Created by the Ethiopian contemporary artist Elias Sime as part of an installation piece, a selecha
is a stuffed goatskin vessel ornamented with colorful plastic stitches. Purple, red, orange, white, yellow, black, and green web-printed zip cord have been stitched to the hide, giving the all-over effect of ribbons tossed onto the surface. Colorful and precise, the even stitches and sharp edges of this textured plastic contrast with the naturally cured goat hide. While the plastic is opaque and solid, the medium-brown skin is textured and subtly toned. The body of the animal has been stuffed, and sealed with a gathered and stitched circle of hide at its rear. A large circular appliqué of hide in the area of the chest covers the heart. While the front legs are also stuffed with straw, jutting from the body at an angle, the back legs dangle as if withered. Small elements—an eye hole at the front, a small patch of remaining fur—hint at the former animal whose hide was first used as a vessel, and later transformed by Sime into a simulacrum of the human experience via the evocation of the senses and emotion.
in the Metropolitan’s collection exemplify his practice of transforming the ephemera of the everyday, eschewing paint in favor of materials found or purchased in local markets. Compared to artists like Marcel Duchamp, who reoriented found objects by placing them in novel environments, the Addis Ababa University School of Fine Art-trained Sime’s work moves beyond pure reposition by dint of his formal skill in sewing and sculpture. In this case, a goat-skin container (selecha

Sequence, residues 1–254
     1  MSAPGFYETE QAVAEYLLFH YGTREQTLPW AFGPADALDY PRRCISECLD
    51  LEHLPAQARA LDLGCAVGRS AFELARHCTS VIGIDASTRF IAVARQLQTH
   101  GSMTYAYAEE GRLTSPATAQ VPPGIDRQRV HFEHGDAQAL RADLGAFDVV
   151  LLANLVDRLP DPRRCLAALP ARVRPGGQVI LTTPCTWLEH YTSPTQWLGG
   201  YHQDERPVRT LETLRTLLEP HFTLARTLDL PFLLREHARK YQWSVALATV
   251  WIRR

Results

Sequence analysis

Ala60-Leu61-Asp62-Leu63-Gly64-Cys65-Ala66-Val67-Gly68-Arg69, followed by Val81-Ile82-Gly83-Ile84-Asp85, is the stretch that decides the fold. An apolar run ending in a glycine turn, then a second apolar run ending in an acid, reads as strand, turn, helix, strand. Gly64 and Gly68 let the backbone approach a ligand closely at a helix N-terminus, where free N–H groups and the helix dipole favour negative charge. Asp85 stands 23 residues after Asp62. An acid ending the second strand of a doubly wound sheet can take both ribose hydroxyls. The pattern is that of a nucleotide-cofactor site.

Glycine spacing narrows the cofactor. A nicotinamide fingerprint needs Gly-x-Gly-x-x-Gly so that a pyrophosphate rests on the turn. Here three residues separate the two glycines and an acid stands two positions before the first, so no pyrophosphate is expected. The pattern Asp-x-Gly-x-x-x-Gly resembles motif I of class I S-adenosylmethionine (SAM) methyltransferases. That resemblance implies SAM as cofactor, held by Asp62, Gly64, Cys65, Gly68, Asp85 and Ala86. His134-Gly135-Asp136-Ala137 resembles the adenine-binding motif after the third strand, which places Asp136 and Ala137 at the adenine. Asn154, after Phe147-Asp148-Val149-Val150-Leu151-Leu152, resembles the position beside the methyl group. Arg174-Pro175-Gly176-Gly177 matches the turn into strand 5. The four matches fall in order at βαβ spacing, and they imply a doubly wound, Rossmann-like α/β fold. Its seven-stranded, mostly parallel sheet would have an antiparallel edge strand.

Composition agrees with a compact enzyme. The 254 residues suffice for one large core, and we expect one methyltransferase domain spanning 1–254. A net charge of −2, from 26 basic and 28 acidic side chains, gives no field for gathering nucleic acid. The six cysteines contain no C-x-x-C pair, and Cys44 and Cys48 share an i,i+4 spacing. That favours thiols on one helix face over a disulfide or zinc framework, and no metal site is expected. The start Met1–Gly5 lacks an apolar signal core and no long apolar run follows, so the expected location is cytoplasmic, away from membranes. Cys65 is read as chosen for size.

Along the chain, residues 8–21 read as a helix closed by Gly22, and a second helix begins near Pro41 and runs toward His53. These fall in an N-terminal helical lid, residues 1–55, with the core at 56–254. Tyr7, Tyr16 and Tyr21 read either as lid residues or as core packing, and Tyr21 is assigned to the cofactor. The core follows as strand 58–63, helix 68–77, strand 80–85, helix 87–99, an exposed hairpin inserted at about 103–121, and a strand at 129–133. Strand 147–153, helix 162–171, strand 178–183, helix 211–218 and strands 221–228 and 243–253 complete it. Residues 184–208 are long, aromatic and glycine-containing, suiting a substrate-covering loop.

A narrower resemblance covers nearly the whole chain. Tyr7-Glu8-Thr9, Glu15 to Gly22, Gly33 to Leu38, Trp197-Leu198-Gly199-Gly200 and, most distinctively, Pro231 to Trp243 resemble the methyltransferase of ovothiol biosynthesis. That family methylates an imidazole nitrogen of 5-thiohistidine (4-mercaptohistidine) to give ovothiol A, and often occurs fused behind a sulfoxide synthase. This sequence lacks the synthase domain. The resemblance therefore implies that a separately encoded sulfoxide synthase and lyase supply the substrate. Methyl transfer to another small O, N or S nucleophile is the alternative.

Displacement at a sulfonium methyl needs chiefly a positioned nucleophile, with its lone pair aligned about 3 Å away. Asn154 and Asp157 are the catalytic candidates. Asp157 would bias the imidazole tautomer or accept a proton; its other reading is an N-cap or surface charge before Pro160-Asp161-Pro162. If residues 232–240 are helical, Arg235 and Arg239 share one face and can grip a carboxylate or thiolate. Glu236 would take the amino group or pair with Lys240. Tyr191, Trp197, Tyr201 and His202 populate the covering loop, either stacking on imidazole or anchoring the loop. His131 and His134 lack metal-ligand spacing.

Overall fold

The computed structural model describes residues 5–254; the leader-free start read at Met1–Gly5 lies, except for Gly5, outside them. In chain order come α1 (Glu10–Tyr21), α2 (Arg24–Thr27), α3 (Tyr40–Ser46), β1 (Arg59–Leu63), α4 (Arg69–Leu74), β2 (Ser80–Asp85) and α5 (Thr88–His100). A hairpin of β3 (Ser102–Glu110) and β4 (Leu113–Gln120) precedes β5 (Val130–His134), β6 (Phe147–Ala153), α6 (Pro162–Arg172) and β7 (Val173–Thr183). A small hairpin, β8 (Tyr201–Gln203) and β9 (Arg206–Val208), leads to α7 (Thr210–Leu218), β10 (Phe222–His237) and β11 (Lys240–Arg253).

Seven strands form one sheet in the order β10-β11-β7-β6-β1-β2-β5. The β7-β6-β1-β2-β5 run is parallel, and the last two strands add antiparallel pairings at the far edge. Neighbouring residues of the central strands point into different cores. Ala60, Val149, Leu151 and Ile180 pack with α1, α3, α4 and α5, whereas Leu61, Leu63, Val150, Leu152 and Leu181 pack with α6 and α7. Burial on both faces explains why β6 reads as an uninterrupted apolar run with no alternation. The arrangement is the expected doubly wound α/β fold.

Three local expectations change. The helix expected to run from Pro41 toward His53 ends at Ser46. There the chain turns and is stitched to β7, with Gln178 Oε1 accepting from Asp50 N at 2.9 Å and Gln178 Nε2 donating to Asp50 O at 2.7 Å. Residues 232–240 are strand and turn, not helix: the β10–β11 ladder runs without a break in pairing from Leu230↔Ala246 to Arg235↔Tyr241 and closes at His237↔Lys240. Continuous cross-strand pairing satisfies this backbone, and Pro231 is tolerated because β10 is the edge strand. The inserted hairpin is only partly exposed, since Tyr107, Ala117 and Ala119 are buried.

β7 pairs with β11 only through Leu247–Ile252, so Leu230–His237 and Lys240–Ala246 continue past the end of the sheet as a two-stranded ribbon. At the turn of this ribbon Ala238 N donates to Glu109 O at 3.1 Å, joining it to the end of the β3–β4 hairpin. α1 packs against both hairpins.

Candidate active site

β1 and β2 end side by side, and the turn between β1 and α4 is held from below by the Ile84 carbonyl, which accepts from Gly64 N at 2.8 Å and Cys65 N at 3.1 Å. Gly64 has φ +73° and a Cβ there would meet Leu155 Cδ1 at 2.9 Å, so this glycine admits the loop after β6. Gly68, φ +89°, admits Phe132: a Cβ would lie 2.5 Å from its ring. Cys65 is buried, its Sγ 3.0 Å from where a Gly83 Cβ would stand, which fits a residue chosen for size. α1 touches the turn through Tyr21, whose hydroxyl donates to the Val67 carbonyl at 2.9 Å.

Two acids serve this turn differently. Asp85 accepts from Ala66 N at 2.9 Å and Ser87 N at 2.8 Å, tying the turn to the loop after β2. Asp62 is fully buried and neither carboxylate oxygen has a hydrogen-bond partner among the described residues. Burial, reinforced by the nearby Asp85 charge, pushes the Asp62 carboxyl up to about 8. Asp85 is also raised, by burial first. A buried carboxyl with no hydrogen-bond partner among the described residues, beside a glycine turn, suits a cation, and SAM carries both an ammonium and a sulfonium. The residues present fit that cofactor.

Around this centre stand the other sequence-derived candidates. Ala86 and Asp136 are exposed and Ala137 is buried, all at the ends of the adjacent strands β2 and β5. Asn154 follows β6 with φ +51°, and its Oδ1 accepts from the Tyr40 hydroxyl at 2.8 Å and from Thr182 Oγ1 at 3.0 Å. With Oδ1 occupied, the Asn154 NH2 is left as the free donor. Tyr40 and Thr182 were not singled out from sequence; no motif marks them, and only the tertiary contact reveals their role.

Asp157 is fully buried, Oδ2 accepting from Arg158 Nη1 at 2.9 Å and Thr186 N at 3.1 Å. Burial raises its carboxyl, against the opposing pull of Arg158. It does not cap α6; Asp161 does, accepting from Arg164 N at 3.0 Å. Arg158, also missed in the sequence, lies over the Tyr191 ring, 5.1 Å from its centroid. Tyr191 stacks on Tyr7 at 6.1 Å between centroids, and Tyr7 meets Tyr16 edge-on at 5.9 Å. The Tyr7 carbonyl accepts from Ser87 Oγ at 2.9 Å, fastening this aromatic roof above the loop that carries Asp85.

) used to store grain, milk, honey, or other goods becomes a signifier for human expression when ornamented by Sime. Collected over the course of a year by the artist for the multi-media exhibition "What is Love?," such once-ubiquitous storage vessels are now scarce and highly valued in Ethiopia. Thus, each selecha
given by an individual to Sime represents a gesture of love, gifted by an individual to the artist in an act that involved overcoming a deep-seated fear that giving away such an object would bring hardship upon one’s family. While part of a group of one-hundred-fifteen such adorned hides, each selecha
is individualized; the varied stitching on the other example in this series in the Metropolitan’s collection (2011.217
) demonstrates the distinct personality given to each work by Sime. Meant to interact with one another when installed—piled together, leaning against one another with arms clasped, or leaning solo against a wall—the works are also meant to engage the human senses of touch and smell in an effort to invoke emotions. Indeed, the untanned hide and straw stuffing retain a deep earthy scent. Of the works, Sime has said: "A selecha
is made from the skin of a goat, representing the human body. It is one body touching another. I used the different languages of love with colours, lines and forms each one telling its on story." (Toggia, Tegegn, and Zegeye 2011, 187–88). The bold colors and meticulously stitched designs of the selechas
are evident in Sime’s assemblages in other media, including Tightrope 5.1 (2016.38
), where brightly-hued electrical wires cover every inch of the backing panel.
Kristen Windmuller-Luna, 2016
Sylvan C. Coleman and Pam Coleman Memorial Fund Fellow in the Department of the Arts of Africa, Oceania, and the AmericasExhibition History
"Elias Sime: Eye of the Needle, Eye of the Heart." January 24– April 18, 2009, Santa Monica Art Museum, CA
"What is Love?" Alliance Ethio-Française Gallery, Addis Ababa. April 2008Published References
Toggia, Pietro Stefano., Melakou Tegegn, and Abebe Zegeye. Ethiopia in Transit: Millennial Quest for Stability and Continuity
. London: Routledge, 2011.
Dayton, Jonathan and Valerie Faris (2009). Elias Sime: Eye of the Needle, Eye of the Heart at the Santa Monica Museum of Art (SMMoA)
. https://vimeo.com/48912471 Further Reading
Assegued, Meskerem. "The Historical Background and the Current State of Contemporary Art in Ethiopia." 2003.
Klemm, Peri M. "Reviewed Work: Elias Sime: Eye of the Needle, Eye of the Heart
." African Arts
43, no. 1 (2010): 84–85.